After some more relatively steep sections, the trail leveled out, and we could tell we were on top of the ridge (1400 feet). Periodically one could spot viewpoints, both north and south. From one of the north-looking points, we could see all the way to the fire tower on South Beacon Mountain, the one that my 78 year-old neighbor, Dick Warren, climbed up a couple weeks ago. Nate was duly impressed. A little farther on, at a south-facing viewpoint, we settled onto a comfy outcrop and ate lunch. Our 2-liter Camelbaks served us well throughout the hike.
From here on, it was an easy downhill hike, all the way. The white (Washburn) trail led north from the summit, at first following a woods road, but then splitting off to the right as the woods road made larger switchbacks. That is, the white trail cut a straighter path downhill, cutting across the winding woods road a few times.
After some steep downhill going, the Washburn trail ended. To the left was the blue-blazed Notch Trail (our route), while the white-blazed Nelsonville Trails went off to the right. This junction was clearly marked.
The blue trail continued downhill (north) through a thicker forest. It turned left and follows a stream, and entered an area that formerly had been cleared for farms or pastures. Stone walls were everywhere, in places running parallel to each other, where a road must have been. The stream ran in a sharp, straight ravine, frequently lined by stone walls. I suppose it runs in its natural bed, but wonder if the farmers roads and walls might have straightened and deepened the original stream.
A few yards away was an ancient sugar maple, still alive, but hollowed out and open on one side. I guessed it was 200 years old, and we both posed inside the hollow. Also picked up a black-and-white feather, which had to be a wing feather of a Pileated Woodpecker, one of whom we heard distincitvely ‘laughing’ in this same area.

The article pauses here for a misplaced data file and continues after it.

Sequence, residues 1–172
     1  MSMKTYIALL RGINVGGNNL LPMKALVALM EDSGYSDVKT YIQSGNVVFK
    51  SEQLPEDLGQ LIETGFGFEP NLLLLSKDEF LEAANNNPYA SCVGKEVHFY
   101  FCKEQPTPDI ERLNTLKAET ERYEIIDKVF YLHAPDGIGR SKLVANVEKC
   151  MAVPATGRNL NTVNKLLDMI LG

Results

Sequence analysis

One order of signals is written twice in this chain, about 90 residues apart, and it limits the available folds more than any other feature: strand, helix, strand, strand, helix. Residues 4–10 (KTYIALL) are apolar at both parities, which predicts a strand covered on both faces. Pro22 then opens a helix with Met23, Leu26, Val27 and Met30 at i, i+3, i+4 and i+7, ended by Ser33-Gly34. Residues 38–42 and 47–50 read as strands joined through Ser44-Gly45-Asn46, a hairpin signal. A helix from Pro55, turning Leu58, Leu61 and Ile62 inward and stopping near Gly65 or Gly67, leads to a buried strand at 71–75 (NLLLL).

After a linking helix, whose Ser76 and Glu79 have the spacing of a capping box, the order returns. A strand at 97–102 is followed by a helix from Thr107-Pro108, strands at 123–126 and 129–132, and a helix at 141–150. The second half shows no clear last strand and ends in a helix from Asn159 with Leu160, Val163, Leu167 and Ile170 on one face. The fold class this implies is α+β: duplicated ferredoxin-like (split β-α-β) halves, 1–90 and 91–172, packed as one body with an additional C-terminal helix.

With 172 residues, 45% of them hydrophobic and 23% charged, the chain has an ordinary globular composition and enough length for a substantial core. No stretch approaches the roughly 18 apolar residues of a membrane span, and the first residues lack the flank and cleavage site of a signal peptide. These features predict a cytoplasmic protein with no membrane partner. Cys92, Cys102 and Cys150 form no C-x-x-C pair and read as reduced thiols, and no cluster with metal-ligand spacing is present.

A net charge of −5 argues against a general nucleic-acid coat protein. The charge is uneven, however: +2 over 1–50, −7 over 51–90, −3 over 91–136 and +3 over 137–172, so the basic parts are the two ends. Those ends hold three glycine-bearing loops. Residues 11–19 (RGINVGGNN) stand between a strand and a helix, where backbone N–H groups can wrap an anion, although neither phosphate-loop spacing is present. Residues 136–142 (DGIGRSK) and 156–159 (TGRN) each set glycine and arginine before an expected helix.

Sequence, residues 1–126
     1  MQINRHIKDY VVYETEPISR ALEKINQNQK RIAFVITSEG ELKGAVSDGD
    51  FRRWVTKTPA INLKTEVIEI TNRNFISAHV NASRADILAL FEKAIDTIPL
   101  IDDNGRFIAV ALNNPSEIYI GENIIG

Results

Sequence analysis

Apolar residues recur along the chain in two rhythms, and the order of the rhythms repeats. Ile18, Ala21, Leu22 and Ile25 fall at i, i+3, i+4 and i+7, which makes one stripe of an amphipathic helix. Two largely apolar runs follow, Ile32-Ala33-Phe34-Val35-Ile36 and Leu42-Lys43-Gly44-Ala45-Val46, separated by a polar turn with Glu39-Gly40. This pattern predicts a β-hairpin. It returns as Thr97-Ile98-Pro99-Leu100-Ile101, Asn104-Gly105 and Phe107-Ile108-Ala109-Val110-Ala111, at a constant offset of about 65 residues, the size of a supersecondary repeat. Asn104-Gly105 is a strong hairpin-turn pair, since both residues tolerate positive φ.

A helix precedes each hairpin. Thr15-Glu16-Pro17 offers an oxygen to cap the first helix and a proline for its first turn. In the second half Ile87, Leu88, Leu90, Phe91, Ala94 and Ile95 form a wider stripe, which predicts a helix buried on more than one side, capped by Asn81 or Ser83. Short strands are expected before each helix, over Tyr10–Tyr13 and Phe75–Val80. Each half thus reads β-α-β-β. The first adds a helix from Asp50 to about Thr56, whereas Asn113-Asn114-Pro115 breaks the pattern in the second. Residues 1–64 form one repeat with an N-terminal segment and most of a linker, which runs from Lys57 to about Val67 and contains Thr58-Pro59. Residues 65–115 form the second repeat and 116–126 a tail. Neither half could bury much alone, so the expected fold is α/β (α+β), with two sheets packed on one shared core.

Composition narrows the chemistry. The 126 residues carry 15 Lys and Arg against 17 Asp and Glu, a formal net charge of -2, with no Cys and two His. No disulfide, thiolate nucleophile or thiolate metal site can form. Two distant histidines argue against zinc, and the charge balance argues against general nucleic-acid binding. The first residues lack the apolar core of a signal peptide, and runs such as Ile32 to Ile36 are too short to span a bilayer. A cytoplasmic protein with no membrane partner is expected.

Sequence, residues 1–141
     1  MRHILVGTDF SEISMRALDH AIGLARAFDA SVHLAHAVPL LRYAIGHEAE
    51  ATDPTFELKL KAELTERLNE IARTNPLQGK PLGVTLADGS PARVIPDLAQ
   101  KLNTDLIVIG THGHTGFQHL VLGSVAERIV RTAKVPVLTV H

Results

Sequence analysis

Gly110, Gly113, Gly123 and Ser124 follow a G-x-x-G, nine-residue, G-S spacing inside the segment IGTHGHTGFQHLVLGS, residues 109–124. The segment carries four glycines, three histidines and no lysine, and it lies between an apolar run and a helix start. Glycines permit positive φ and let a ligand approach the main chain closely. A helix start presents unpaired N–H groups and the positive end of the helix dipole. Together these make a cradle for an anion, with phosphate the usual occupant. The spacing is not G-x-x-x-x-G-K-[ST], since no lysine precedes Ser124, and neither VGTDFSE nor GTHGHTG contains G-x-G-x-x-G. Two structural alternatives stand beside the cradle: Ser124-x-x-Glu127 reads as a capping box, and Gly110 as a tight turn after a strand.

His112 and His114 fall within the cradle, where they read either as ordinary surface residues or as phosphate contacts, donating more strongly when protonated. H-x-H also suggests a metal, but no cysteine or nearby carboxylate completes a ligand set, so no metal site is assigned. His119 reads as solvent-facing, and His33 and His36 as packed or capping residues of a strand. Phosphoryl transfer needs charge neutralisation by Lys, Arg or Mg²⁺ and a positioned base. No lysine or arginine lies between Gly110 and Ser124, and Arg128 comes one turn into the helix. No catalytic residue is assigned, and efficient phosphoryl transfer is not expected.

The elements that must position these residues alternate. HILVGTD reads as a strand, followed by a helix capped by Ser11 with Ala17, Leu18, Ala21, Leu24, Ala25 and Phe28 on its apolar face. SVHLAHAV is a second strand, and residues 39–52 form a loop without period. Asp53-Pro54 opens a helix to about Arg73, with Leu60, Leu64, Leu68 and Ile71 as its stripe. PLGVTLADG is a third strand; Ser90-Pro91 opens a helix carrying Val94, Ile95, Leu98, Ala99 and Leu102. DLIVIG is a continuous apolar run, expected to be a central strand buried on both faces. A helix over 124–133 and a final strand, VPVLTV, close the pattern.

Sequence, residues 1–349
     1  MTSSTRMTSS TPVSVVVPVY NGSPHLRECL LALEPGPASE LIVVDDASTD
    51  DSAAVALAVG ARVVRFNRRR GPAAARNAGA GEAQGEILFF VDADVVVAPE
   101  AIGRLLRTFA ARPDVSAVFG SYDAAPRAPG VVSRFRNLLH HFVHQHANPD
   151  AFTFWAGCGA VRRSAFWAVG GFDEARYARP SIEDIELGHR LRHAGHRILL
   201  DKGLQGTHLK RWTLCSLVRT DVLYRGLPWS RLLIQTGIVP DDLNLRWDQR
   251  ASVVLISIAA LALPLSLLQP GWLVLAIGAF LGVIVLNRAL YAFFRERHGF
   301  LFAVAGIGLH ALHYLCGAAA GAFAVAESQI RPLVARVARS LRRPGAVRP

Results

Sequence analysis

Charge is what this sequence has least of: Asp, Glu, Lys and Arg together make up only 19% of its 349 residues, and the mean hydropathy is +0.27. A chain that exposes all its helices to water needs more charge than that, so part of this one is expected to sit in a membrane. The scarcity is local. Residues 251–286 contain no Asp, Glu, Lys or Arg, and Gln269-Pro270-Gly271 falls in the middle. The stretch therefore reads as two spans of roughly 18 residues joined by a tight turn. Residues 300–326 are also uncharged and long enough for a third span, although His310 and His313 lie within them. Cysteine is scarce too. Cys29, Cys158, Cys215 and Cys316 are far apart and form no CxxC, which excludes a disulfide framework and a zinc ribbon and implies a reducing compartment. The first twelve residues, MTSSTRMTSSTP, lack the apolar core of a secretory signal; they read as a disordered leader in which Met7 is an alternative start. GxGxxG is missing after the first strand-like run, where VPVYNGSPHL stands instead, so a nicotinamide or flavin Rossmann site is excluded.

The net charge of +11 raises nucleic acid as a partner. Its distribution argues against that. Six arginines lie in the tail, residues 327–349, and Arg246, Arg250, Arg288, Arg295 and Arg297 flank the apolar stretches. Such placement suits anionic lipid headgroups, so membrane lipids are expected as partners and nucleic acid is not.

The ground levelled off greatly from on home, and we picked up our pace accordingly. At the junction of the red (Brook) trail, a large building, the remains of a dairy farm, stood mutely. Another hiker took our picture in front of the concrete ruins. Apparently other out-buildings lie up (north) the red trail. We headed homeward (south) and noted other evidence: a squat concrete blockhouse next to the creek (good camping in winter?) and a deep cistern farther on.
The yellow (Undercliff) trail intersected our route again, leading invitingly west, uphill to Breakneck Ridge. Nate had “things to do at home,” so we kept moving.
After 0.4 miles, we forked left onto the blue (Cornish) trail, named for a wealthy lead-company magnate, whose estate lies in ruins near this trail. We did not investigate these closely, but as we walked along a concrete-paved roadbed, we marvelled at the very tall and very straight tulip trees. They looked like gigantic, natural telephone poles. Really impressive. I guess that Mr. Cornish had them planted along his private road.
The blue trail went along this concrete road almost back to Route 9D, darting into some scrubby woods for the last stretch.
We arrived at the parking lot at 12:55 – 4 hours 15 minutes after we started. Me? I was ready to go up Breakneck Ridge, but we decided to save that for another time.